Any dramatic heft hails from the performances, particularly those of Simm, Cavaliero, and Anastasia Hille (as a deeply conflicted and compromised copper). Farrow’s interrogation-room breakdown is the single most harrowing sequence in the whole show (including both runs), a shattering moment of heartbreak that’s allowed to linger, and Simm carries it off with such masterfully controlled pain and pathos that even casual watchers will find themselves riveted.

Cavaliero, meanwhile, leans into Reinhardt’s provincial quirks, from her inability to work the precinct’s vending machine to her flustered barking of orders, and does a fine job of constructing a likable, homely heroine – albeit one with troubling habits, like stalking her ex-husband and his new family. Coming in the midst of a TV season inundated with American super-cops (like Jennifer Lopez on NBC’s godawful Shades of Blue and Robert Kazinsky on Fox’s irredeemable Second Chance), Reinhardt’s mundaneness and occasional misery feel strangely mesmerizing.

Farrow’s plot arc winds down after three episodes in a mess of revelations and repercussions, with too many exposition dumps almost spoiling the mood (Simm’s performance just about keeping things grounded). Reinhardt’s the only one to carry over to the second series, with gone-rogue prison guard David Murdoch (Philip Glenister) serving as her new quarry. Having handcuffed himself to a duplicitous prisoner (MyAnna Buring) to prevent her crazed brother from harming his heavily pregnant daughter, Murdoch is another good guy in an impossible situation he has no idea how to extricate himself from.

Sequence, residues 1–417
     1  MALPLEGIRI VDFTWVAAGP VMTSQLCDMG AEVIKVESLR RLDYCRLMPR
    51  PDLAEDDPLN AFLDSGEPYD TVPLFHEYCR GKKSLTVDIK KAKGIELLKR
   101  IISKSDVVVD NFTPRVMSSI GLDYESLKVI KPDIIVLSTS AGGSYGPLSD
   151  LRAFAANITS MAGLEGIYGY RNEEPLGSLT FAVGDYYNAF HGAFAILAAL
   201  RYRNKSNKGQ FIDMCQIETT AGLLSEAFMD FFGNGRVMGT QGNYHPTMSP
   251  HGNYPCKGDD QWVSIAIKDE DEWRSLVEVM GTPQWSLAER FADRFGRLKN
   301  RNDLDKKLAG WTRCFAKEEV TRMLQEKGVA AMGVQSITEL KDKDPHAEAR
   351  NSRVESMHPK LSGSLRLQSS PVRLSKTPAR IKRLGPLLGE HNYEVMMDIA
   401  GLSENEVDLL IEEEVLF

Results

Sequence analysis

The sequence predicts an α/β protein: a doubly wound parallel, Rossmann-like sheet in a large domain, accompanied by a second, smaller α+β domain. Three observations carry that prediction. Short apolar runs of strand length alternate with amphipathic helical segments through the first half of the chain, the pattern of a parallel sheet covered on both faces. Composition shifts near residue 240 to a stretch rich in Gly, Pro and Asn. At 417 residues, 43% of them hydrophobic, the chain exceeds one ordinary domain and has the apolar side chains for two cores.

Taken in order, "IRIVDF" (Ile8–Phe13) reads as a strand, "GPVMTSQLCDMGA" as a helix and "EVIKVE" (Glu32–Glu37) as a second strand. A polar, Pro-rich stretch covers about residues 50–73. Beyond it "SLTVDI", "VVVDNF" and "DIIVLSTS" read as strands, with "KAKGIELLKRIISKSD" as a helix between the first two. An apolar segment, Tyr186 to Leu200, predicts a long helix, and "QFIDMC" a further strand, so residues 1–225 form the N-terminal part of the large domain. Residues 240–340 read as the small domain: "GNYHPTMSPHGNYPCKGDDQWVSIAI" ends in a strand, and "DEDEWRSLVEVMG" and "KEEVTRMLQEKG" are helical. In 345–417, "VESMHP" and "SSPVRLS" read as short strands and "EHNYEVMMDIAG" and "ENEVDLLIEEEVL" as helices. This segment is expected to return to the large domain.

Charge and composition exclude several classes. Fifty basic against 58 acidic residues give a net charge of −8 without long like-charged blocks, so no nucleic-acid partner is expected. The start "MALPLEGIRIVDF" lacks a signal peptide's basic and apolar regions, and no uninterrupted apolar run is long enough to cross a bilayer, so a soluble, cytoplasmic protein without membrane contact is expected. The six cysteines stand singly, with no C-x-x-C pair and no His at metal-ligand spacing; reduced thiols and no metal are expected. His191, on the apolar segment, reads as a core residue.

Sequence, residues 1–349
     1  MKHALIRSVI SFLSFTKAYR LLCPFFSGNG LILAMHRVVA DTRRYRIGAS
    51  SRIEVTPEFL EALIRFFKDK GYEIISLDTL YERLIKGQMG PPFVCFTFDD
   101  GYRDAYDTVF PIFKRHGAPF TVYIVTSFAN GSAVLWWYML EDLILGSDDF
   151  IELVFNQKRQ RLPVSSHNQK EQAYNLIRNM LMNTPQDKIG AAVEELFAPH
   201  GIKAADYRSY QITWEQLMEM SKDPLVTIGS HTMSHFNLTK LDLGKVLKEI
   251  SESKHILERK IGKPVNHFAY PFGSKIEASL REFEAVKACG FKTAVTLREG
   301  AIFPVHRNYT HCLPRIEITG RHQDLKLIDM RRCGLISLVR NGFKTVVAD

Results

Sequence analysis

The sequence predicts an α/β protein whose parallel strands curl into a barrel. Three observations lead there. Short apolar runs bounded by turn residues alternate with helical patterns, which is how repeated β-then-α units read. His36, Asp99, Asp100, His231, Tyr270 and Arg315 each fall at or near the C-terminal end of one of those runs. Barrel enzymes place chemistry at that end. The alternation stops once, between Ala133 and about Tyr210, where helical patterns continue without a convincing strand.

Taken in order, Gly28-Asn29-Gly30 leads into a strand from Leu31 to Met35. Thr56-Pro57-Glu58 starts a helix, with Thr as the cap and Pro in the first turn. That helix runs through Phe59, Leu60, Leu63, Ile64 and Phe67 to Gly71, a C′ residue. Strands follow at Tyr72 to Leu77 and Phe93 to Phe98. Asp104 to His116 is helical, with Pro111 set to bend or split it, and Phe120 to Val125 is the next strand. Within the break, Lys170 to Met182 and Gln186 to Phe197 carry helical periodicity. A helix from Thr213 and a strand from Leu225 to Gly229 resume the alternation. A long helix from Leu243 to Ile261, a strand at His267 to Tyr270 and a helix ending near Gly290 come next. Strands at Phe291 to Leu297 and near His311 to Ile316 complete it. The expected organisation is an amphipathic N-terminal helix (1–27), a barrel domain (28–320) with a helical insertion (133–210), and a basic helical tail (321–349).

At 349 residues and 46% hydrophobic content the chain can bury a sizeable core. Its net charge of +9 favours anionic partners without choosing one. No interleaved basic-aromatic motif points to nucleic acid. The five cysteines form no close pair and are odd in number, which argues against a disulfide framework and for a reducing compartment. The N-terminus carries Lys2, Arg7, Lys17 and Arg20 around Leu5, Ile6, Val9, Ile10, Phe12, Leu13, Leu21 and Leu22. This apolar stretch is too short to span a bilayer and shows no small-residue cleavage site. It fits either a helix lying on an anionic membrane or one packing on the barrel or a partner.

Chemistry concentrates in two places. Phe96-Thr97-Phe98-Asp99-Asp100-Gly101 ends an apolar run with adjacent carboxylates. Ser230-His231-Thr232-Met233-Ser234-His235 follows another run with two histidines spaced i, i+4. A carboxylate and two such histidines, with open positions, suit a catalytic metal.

That thematic common thread makes the second series a very similar watch to the first, with momentum taking precedence over narrative clarity at every turn. Glenister and Buring turn out to be a dramatically fertile pairing, though their characters are both undercut by the twists their flight from justice undergoes, too many of which hinge on lucky coincidence.

The series doesn’t pick up many new tricks, and though the action sequences remain visceral and urgent, Reinhardt’s sleuthing doesn’t amount to much. Prey is at its least inventive when it comes to actual police work – there’s no shortage of CCTV footage to help her along, and the number of high-octane chases end up straining credibility.

But in spite of that, Prey is decently made, well-acted, and shameless enough in pilfering from The Fugitive and every other British police procedural to just about get away with it. The series also offers a markedly different sort of top cop in Cavaliero’s Reinhardt, and it should be commended for doing so. For all the breathless cat-and-mouse skirmishes on display, what’s most exciting about Prey is how it maintains its focus on honest, authentic characters in a genre that too often checks its humanity at the door.


Two decent games of cat-and-mouse dominate the runtime, but Prey's performances and personalities are the only departments in which it truly soars.